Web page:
Turkish forces set up positions in Syria’s Idlib

A picture taken on October 11, 2017, from the Syrian village of Atme in the northwestern province of Idlib shows Turkish military vehicles driving around a military base on the Turkish side of the border with Syria. (AFP)
Updated 13 October 2017
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Turkish forces set up positions in Syria’s Idlib

BEIRUT: Turkish forces that entered Syria’s Idlib province late on Thursday have started setting up observation positions that appear aimed at containing a Kurdish militia, a senior rebel involved in the operation said early on Friday.
“The allied Turkish armed forces have entered Syrian territory and begun setting up observation posts,” said Mustafa Sejari, an official in a Free Syrian Army (FSA) rebel group.
Turkey sent a convoy of about 30 military vehicles into rebel-held northwest Syria through the Bab Al-Hawa crossing in Idlib, rebels and a witness said.
President Tayyep Erdogan announced the deployment on Saturday, saying Turkey was conducting a “serious operation” with rebel groups it supports, as part of a “de-escalation” deal it agreed last month with Iran and Russia in Kazakhstan.
Turkey has been a big supporter of rebels fighting Syrian President Bashar Assad throughout the war. But since last year Ankara has focused on securing its border, both from jihadists and from Kurdish forces that control much of the frontier area inside Syria.
The Astana agreement with Assad’s foreign allies Russia and Iran involves reducing warfare in several regions of Syria, including Idlib and adjacent swathes of the northwest, the most populous rebel-held area.
Tahrir Al-Sham, a powerful jihadist alliance that controls much of that territory, is not party to the de-escalation deal, and is at odds with some of the rebel groups that Turkey supports.
However, its forces gave an escort to the Turkish convoy late on Thursday, witnesses said, indicating that there might not be any fighting between them.
Residents of northwest Syria and the Syrian Observatory for Human Rights have reported intense air raids on Idlib and nearby areas for months.
The convoy was heading toward Sheikh Barakat, a high area overlooking rebel-held territory and the Kurdish YPG-controlled canton of Afrin, the witnesses said.
“(Turkey’s deployment is) in line with Astana 6 resolutions to ensure the area is protected from Russian and regime bombing and to foil any attempt by the separatist YPG militias to illegally seize any territory,” said Sejari.


Syria state media says US-led coalition hits regime position in east

Washington said the strikes were in retaliation for an attack on its own personnel and SDF forces. (AFP)
Updated 18 June 2018
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Syria state media says US-led coalition hits regime position in east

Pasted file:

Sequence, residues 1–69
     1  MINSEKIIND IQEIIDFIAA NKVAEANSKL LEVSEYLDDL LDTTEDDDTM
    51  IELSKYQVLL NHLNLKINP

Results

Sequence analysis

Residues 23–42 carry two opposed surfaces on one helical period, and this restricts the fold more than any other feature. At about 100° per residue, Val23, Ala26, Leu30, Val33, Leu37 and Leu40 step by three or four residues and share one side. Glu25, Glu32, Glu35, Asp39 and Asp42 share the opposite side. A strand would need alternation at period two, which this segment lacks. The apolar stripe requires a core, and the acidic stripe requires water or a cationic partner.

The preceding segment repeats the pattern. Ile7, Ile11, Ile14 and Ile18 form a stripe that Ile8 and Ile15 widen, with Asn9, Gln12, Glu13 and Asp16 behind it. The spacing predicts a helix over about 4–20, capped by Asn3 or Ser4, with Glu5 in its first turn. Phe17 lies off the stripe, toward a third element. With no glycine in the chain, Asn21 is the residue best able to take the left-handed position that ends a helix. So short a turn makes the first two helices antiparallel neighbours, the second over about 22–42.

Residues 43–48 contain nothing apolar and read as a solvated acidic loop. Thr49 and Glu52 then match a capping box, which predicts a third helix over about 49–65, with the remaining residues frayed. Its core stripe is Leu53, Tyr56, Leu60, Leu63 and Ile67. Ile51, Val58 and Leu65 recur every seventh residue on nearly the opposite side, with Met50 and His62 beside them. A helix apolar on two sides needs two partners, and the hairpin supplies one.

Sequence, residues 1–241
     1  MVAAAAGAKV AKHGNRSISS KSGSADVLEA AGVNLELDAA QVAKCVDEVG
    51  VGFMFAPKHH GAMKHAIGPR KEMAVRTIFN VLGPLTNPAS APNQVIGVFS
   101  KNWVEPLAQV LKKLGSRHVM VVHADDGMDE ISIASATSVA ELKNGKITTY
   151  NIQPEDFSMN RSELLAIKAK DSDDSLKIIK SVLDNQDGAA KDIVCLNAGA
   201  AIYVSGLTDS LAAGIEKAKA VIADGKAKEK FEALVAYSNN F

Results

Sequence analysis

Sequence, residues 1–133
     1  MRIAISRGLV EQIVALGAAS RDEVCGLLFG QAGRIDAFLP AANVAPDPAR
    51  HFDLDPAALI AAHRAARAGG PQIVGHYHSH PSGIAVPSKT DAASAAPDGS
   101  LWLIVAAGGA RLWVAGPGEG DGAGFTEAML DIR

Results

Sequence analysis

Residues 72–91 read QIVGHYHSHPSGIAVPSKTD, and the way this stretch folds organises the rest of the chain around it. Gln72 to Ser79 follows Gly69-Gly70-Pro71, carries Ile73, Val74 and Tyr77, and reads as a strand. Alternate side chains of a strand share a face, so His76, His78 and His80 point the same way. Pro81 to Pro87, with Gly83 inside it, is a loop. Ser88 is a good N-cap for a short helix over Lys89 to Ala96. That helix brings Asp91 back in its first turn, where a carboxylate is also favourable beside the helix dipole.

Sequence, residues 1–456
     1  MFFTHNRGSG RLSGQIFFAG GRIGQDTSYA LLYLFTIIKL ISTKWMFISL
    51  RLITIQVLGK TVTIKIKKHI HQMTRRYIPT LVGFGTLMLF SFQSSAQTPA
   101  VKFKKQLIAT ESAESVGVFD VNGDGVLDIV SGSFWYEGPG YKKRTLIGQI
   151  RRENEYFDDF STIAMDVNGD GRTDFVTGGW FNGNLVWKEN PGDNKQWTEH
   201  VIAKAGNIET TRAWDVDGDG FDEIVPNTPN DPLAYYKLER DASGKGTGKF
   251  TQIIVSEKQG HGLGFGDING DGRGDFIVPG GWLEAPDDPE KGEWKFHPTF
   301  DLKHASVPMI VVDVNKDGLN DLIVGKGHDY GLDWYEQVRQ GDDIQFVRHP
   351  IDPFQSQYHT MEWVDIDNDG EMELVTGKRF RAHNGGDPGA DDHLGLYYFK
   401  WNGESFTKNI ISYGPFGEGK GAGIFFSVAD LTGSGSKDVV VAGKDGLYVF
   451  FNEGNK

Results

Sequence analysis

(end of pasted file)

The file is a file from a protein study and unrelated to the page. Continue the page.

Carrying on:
• In the oil-rich province of Deir Ezzor, the US-backed Syrian Democratic Forces and Syrian government forces have carried out parallel but separate offensives against Daesh
  • Regime forces control land west of the Euphrates River that runs through the province

DAMASCUS: Syrian state media said overnight Sunday to Monday that US-led coalition aircraft had carried out a deadly strike on a regime position in the country’s east near the Iraqi border.
Both US-backed Kurdish-led fighters and Russia-supported regime forces are separately fighting the Daesh jihadist group in Syria’s eastern province of Deir Ezzor.
“Aircraft of the American coalition bombarded one of our military positions in the area of Al-Hari southeast of Albu Kamal” town in Deir Ezzor, state news agency SANA reported a military source as saying, adding a number of people had been killed.
Daesh overran large swathes of Syria and neighboring Iraq in 2014, declaring a “caliphate” in areas they controlled.
But the jihadists have since lost most of that territory, in Syria seeing their presence largely reduced to the country’s vast desert and a few villages near the frontier with Iraq.
In the oil-rich province of Deir Ezzor, the US-backed Syrian Democratic Forces and Syrian government forces have carried out parallel but separate offensives against Daesh.
Regime forces control land west of the Euphrates River that runs through the province, while the SDF are battling to expel IS from a string of villages on the river’s eastern banks near the Iraqi border.
Both sides have mostly avoided running into each other and a deconfliction line exists to avoid such incidents.
But there have been exceptions.
In April, rare clashes broke out between both sides, killing more than a dozen combatants.
In February, the US-led coalition backing the SDF carried out air strikes in Deir Ezzor province that killed at least 100 pro-regime fighters.
Washington said the strikes were in retaliation for an attack on its own personnel and SDF forces.